These were the Negro workers who migrated to urban centers by the hundreds of thousands in recent years. The Southern agricultural capitalists, in their hunger for ever higher profits, had displaced them with machines and cast them adrift.

Simultaneously, again to satisfy profit hunger, capitalists automated other jobs that the poorly educated workers could have filled. It was then that relief rolls swelled rapidly, and the slums spread in the "central" cities while simultaneously both skilled white workers and industrial installations in which they were employed moved to the suburbs.

Armed struggle is no answer

The hideous conditions of life in the slums, the soul-searing humiliations that are the everyday punishment inflicted on Negro workers and workers of other racial minorities, the endless frustrations that defeat the strongest wills of black workers caught in the racial dead ends called ghettos -- these are facts that need no documentation here. What is needed here is to emphasize that ghetto revolts are the logical consequence of capitalism's inability to change or even ameliorate these conditions.

Against these conditions, some militant young Negroes call for the destruction of the capitalistic system by means of guerrilla warfare. They call on American Negroes to take arms and fight, from New York to California, from Canada to Mexico. They argue that only through armed struggle can Negroes put an end to the horrible situation they [Negroes] live in.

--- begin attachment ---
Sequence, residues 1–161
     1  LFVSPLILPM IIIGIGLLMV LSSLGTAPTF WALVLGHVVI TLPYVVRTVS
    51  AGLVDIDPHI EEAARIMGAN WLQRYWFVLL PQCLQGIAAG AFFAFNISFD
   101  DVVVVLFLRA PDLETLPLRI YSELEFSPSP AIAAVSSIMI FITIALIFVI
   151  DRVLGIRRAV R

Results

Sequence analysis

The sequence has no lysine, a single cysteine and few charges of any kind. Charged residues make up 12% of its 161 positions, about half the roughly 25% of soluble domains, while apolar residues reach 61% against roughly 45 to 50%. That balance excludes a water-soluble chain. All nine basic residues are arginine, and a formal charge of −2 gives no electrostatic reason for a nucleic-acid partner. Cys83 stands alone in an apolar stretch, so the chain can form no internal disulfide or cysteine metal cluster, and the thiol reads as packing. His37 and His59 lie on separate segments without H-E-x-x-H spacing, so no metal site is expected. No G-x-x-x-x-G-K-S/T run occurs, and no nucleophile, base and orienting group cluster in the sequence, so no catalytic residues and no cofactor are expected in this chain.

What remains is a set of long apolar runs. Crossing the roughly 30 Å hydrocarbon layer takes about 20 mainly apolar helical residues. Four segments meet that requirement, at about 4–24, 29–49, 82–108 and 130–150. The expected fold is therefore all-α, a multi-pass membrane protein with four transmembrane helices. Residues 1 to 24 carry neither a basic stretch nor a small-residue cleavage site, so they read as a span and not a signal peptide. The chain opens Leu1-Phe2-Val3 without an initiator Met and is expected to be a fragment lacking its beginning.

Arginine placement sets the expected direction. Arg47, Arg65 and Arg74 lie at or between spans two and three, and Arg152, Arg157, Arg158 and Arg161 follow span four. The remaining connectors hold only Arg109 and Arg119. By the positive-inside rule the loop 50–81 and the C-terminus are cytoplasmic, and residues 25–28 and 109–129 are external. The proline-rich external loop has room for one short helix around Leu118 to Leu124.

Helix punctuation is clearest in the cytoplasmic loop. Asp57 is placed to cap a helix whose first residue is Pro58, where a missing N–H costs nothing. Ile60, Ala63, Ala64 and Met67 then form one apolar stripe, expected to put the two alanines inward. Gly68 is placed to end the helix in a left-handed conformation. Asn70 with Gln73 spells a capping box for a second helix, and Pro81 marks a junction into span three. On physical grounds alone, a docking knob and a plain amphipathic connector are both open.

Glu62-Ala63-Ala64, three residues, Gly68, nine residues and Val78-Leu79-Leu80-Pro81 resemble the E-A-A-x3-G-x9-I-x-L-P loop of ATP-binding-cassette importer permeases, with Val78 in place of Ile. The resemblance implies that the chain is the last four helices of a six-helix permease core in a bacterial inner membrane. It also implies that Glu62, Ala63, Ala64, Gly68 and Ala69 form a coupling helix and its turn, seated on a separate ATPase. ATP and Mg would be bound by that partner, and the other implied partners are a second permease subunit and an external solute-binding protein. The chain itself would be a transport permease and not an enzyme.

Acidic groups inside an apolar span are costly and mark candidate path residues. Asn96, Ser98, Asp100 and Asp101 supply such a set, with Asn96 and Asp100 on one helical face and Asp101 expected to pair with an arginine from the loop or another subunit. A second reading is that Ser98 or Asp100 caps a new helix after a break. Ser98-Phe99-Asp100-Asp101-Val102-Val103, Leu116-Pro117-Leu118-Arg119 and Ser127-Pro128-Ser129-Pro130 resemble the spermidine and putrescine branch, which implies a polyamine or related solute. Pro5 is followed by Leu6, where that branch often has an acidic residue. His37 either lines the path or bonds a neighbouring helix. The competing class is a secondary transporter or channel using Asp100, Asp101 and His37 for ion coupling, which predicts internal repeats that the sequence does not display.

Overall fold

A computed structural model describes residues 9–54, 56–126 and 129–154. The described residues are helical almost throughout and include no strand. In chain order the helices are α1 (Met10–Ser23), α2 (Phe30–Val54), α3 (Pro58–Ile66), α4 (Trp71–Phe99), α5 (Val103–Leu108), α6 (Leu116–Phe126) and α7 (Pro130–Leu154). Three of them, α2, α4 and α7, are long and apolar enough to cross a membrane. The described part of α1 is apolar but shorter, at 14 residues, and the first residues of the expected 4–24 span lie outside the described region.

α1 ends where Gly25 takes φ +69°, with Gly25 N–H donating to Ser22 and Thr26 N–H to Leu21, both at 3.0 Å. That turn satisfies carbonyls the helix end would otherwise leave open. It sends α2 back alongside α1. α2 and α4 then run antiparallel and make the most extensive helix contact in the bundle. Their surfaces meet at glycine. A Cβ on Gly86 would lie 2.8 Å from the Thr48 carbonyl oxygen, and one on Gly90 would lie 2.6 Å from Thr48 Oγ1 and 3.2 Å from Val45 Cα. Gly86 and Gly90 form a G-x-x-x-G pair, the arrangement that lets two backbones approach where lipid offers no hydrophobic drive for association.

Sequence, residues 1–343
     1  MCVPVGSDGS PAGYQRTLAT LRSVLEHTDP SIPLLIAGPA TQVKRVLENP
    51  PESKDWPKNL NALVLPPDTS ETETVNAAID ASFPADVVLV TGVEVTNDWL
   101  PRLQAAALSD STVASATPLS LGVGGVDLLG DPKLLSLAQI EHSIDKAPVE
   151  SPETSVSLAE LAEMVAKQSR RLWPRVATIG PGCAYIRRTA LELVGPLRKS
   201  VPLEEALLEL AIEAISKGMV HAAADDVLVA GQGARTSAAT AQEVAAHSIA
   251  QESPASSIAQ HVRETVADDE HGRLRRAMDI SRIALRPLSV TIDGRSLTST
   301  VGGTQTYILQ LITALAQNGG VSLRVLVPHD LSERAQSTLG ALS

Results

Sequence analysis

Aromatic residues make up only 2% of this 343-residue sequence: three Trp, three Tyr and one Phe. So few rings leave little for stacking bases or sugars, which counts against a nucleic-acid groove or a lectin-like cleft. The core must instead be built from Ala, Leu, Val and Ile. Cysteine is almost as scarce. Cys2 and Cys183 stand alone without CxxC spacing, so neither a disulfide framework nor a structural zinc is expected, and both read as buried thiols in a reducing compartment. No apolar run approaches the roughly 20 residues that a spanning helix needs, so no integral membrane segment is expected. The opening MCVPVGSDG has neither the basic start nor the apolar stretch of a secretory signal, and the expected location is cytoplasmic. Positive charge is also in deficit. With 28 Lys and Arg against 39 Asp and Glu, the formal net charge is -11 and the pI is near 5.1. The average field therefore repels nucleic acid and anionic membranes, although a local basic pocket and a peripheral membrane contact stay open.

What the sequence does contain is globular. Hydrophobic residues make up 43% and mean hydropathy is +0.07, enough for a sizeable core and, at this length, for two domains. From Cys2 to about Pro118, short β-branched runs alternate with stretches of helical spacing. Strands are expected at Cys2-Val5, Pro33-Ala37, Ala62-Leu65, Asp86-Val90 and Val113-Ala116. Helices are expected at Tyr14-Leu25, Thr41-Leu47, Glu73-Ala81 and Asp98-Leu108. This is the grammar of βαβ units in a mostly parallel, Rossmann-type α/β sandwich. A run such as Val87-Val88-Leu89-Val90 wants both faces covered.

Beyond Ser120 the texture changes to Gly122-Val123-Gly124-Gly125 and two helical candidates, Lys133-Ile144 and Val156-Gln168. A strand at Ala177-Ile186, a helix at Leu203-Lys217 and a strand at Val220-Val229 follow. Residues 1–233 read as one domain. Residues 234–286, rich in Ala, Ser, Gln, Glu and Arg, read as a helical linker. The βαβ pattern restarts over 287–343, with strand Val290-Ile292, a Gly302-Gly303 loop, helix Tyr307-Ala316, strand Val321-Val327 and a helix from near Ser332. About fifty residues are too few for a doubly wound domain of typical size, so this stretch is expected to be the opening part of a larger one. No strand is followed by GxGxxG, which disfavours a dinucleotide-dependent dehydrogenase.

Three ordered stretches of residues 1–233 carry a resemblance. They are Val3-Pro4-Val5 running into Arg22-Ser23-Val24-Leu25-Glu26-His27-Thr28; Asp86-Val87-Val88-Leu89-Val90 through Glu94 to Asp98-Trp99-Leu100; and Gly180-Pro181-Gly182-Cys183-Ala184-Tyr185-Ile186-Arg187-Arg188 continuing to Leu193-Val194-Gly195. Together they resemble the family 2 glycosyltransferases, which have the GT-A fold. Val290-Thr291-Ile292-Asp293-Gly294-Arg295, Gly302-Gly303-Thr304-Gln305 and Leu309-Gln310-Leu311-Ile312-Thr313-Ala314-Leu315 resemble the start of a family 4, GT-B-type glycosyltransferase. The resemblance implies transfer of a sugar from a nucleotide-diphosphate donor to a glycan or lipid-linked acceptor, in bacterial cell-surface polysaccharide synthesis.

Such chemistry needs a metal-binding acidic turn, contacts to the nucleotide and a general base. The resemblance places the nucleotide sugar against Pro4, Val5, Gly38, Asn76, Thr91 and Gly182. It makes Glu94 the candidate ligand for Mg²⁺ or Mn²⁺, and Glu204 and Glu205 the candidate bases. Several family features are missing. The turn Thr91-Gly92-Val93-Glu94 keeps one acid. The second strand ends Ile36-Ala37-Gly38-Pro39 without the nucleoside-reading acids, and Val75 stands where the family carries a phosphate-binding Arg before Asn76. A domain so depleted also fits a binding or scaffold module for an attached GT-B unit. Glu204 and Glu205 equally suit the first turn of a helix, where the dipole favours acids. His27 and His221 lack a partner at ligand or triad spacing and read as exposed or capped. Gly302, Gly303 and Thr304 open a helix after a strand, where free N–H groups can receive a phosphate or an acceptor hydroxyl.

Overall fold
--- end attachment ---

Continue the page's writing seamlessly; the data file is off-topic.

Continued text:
They are dead wrong. Armed insurrection and urban guerrilla warfare would only provoke the most violent response of which heartless and reactionary capitalism is capable. Even now, military tacticians are mapping campaigns, planning for the war in the alleys, streets, cellars, sewers and rooftops they are convinced the Army will be called upon to wage against the ghettos. On the other side of the terrible potential events there lies the prospect thoughtful blacks discuss endlessly -- the dread prospect of attempted genocide.

Not only would armed insurrection provoke a military response a hundred times more violent, it would also give the ruling class of this country the pretext and opportunity to drop the mask of democracy and adopt on the political field the despotism that prevails in capitalist industry. Armed insurrection is an open invitation to fascist dictatorship.

What revolution means

A revelution means a complete change, and it need not be accompanied by violence. For a successful revolution there most be a constructive phase when new institutions are established to replace those that are dismantled. In an age of great technological and economic complexity such as the present one, when prolonged economic paralysis can have devastating consequences to great masses of people, especially to the masses crowded into the great urban centers, this constructive phase of the revolution must be carefully planned and prepared for. Of the all-important constructive phase so vital to the success of a revolution, advocates of violence in the so-called Black Power movement, are obviously oblivious. Destruction is for them the end-all and be-all of what they consider "revolution" -- that is, insurrection in fact.